JET MIDWEST INTERNATIONAL CO., LTD, Plaintiff - Appellee v. JET MIDWEST GROUP, LLC; Paul Kraus; Karen Kraus, Defendants F. Paul Ohadi, in his capacity as trustee and legal representative of the F. Paul Ohadi Trust dated December 15, 1999 and in his individual capacity; F. Paul Ohadi Trust, dated December 15, 1999; Kenneth M. Woolley, Defendants - Appellants Jet Midwest Inc., Defendant PMC Aviation 2012-1, LLC, Cross Claimant
F. Paul Ohadi, in his capacity as trustee and legal representative of the F. Paul Ohadi Trust dated December 15, 1999, and in his individual capacity (“Ohadi”), and Kenneth M. Woolley appeal the district court's 1 order granting Jet Midwest International Co., Ltd (“Jet Midwest”) and PMC Aviation 2012–1, LLC's (“PMC Aviation”) motion for a preliminary injunction to prevent Ohadi and Woolley from foreclosing on the assets of Jet Midwest Group, LLC (JMG) until the parties conduct an expedited trial on the merits of the underlying fraudulent transfer action. We affirm.
JMG is in the business of purchasing and reselling aircraft and their parts. In 2015, JMG faced financial trouble, and in June 2015, Ohadi loaned JMG $11 million to help pay JMG's debts. In August, Ohadi and JMG executed security interests encumbering almost all of JMG's assets at the time to allegedly secure the June loan. In addition, in September 2015, Jet Midwest loaned JMG $6.5 million to purchase a Boeing 737 aircraft (“Aircraft”) and created a purchase money security interest by securing the $6.5 million loan with the Aircraft.
JMG later defaulted on its obligation to repay Jet Midwest, and on October 25, 2017, a district court granted judgment in favor of Jet Midwest against JMG for the principal and interest of the loan. Jet Midwest attempted to garnish bank accounts, tried to enforce a writ of execution, and conducted discovery to determine what happened to its Aircraft. However, JMG stated that it did not know where the Aircraft was and only paid $290.58 to Jet Midwest. Despite this, Jet Midwest alleged that JMG continued to make payments to Ohadi.
On February 16, 2018, Jet Midwest filed the underlying fraudulent transfer action, alleging that JMG, Ohadi, and Woolley violated the Missouri Uniform Fraudulent Transfer Act. After Jet Midwest filed the suit, JMG and Ohadi entered into a new security agreement that attempted to grant Ohadi a blanket lien over all of JMG's assets. JMG then filed for bankruptcy, and the underlying fraudulent transfer case was stayed pursuant to 11 U.S.C. § 362. On June 1, 2018, the bankruptcy court entered an order dismissing the bankruptcy case, and the district court then lifted the stay of the fraudulent transfer case. About a month later, PMC Aviation,2 another creditor, intervened in the underlying fraudulent transfer action, specifically alleging that it discovered Side Letter Agreements between Ohadi, Woolley, and JMG that revealed a fraudulent scheme in which JMG funneled money to Ohadi and Woolley.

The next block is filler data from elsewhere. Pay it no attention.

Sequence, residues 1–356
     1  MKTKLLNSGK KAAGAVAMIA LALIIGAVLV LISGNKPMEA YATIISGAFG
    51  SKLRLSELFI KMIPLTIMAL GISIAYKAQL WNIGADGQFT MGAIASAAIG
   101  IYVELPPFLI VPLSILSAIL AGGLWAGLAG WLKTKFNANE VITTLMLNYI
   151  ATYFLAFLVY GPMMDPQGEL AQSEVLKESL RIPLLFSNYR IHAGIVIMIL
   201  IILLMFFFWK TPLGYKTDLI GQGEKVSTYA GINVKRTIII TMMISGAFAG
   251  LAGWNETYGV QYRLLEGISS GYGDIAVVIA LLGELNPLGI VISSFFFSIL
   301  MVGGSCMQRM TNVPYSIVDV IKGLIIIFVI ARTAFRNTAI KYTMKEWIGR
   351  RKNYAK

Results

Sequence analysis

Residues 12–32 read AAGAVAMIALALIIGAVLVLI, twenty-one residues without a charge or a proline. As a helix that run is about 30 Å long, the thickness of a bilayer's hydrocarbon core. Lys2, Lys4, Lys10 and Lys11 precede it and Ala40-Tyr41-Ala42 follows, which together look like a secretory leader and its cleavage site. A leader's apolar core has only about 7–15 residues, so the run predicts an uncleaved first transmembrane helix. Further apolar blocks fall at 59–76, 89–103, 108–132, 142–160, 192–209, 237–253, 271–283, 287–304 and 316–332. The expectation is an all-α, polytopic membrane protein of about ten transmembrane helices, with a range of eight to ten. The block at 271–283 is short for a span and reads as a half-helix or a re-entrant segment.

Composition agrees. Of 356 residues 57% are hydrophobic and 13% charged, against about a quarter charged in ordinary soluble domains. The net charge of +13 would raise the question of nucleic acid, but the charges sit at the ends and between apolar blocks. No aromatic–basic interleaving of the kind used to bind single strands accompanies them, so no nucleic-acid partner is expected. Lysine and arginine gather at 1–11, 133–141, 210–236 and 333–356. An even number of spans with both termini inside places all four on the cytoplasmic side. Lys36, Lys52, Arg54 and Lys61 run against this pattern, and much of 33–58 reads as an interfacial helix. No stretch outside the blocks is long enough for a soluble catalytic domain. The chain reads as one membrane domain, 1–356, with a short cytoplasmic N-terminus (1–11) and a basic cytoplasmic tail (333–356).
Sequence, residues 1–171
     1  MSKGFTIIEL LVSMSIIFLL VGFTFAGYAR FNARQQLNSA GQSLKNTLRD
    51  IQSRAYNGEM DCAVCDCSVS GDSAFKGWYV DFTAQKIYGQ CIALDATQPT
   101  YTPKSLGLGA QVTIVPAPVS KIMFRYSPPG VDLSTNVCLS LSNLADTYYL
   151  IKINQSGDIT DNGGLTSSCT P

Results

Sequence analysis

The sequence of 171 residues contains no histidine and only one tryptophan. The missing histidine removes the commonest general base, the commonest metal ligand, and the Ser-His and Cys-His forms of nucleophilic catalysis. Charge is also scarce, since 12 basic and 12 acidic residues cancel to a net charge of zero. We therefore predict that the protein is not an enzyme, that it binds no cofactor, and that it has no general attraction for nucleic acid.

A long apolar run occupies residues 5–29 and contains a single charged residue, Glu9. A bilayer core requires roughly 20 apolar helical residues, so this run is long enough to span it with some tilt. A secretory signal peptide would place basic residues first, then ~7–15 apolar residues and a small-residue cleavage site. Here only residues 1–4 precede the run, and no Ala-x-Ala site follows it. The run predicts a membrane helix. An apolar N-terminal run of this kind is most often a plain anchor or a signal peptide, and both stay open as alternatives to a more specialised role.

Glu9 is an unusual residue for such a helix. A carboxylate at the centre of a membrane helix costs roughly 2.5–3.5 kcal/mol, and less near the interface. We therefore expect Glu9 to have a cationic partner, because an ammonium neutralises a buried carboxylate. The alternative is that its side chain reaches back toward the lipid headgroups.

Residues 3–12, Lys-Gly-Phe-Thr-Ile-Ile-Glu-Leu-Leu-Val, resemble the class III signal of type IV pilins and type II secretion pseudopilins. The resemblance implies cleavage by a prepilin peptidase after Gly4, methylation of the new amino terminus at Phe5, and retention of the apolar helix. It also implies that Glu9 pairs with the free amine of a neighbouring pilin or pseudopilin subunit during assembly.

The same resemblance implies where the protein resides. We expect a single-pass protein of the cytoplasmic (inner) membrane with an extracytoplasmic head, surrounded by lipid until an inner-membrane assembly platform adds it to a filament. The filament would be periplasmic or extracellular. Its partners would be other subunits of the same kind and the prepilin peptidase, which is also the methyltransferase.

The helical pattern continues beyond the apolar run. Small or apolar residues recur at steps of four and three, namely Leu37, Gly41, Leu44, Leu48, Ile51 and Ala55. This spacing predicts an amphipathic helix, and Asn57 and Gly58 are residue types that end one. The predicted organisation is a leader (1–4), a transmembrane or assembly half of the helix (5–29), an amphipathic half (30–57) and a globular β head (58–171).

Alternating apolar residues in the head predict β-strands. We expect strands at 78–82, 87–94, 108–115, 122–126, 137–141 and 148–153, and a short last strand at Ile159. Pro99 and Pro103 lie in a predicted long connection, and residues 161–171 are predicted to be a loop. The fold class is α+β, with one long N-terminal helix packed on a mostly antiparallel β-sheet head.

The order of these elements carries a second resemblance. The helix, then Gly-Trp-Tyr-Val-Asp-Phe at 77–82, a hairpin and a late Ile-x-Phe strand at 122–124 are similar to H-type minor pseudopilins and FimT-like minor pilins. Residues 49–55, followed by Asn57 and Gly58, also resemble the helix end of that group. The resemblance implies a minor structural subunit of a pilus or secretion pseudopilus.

On November 29, 2018, Woolley and Ohadi issued Notices of Disposition of Collateral, stating that on December 19, the parties would auction off JMG's collateral to satisfy JMG's debts to them. The list of collateral included 83,500 miscellaneous parts, 4 engines, and 6 airplanes. Jet Midwest reviewed the list and learned that the list included many spare parts of its Aircraft even though JMG had previously stated that it did not know what happened to the Aircraft.
PMC Aviation then moved to enjoin Ohadi and Woolley from conducting the foreclosure sale because of their fraudulent actions and because PMC Aviation and Jet Midwest both likely had interests in the collateral to be sold at the foreclosure. The district court granted a temporary restraining order and set a hearing for January 3, 2019. All of the parties gathered evidence in support of their positions for the hearing, and Ohadi and Woolley alleged that they removed the Aircraft's parts from the foreclosure assets. At the hearing, the district court explained that it was inclined to grant the preliminary injunction because, given new facts in the case and obvious questions about priority of interest, it would be best to expedite a trial on the merits to correctly resolve the dispute on a more developed record. All parties agreed to expedite the trial, but Ohadi and Woolley argued that they needed a bond to protect themselves from potential loss as a result of the preliminary injunction. The district court then granted a preliminary injunction and stated it would work with the parties to expedite the trial. Soon after, the district court required Jet Midwest and PMC Aviation to post a $1 million bond. Ohadi and Woolley appeal.